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Rondo Stands Alone

For four years Rajon Rondo has walked the line between accepting his role and forcing people to respect his game.  He was passed over in the draft but was a starter by the end of his rookie season.  He was thrown into a lineup with 3 future Hall of Famers and steered them to an NBA title.  When Garnett went down last year, Rondo stepped up his game and helped Pierce and Ray push the Magic to 7 games.  Once he signed an extension with the team he responded by earning his first All Star appearance.

After a while you just knew.  It wasn't a matter of "if" he would take the reigns form the Big 3 so much as it was "when." 

Ray Allen has already accepted his role as a (very good) 2nd option and long distance assassin.  Kevin Garnett has predictably been slow to accept the reality of his once freakish body becoming mortal again.  Paul Pierce still walks with the swagger of an alpha dog, but hasn't been able to stop the trend of "two steps forward, one step back."  As a collective group they are still formidable and many times they still take turns playing the hero.  But none of them would be blessed with the opportunity to extend their legacies right now if not for Rajon Rondo.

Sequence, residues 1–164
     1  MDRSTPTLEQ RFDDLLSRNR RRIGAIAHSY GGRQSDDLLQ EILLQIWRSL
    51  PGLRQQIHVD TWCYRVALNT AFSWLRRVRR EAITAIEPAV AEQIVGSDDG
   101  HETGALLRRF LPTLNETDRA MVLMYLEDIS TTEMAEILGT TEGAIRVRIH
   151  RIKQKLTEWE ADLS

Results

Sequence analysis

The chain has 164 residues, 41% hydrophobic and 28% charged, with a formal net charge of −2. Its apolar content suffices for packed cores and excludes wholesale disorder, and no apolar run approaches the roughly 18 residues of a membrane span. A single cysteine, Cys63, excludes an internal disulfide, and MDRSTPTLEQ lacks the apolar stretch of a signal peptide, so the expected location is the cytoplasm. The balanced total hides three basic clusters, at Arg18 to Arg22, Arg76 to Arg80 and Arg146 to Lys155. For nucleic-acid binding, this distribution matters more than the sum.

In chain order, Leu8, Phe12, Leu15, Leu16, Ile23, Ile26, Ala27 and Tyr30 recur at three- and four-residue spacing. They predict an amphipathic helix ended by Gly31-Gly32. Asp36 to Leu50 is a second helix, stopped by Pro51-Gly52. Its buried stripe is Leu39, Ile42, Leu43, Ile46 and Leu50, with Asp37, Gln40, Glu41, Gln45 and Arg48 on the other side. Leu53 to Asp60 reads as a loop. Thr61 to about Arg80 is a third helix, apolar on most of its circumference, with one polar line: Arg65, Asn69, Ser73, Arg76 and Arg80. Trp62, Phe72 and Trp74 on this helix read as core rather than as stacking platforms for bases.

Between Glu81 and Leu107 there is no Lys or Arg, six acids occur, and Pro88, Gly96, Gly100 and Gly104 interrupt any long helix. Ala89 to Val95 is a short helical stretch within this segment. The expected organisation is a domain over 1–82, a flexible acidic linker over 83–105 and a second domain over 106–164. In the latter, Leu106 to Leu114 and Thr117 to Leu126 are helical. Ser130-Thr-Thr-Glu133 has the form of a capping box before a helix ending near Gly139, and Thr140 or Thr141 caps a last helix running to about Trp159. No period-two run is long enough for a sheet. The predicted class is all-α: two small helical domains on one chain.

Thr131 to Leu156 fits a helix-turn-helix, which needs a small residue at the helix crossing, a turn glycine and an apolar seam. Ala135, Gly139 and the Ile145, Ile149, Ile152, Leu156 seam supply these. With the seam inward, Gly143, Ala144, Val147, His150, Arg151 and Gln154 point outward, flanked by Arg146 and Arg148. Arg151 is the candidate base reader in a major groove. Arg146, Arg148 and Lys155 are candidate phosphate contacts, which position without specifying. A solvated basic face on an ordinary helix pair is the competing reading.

It has been an absolute jot to watch Rajon mature and grow into this role.  I have a real soft spot for pass-first point guards and he's pretty much the new poster-boy for that mold.  He's simultaneously humble and cocky.  He's soft spoken and brash.  He's generous and greedy.  He's a facilitator but totally in control.  And best of all, he's a winner.

In fact, he does whatever it takes to win.  He's smart enough to know that "what it takes to win" changes from game to game and even quarter to quarter.  Of course it always starts with great defense (he was named to the first team All Defensive squad this year).  As a hard court quarterback he knows that sometimes you have to grind it out and sometimes you have to push the pace.  You have to pick your spots.  Like a chess match, sometimes you have to make moves and call plays early in the game to set up plays later on.  It is an art that you can improve upon over time, but you can't really teach.

I'm not sure what the rest of these playoffs have in store for the Celtics.  None of us knows what will happen in the offseason or over the next couple of years.  But one thing I'm fairly certain about (and very comfortable with) is that Rajon Rondo is going to be front and center, leading the charge.  All our hopes rest upon his thin but surprisingly sturdy shoulders.

He is our MVP.

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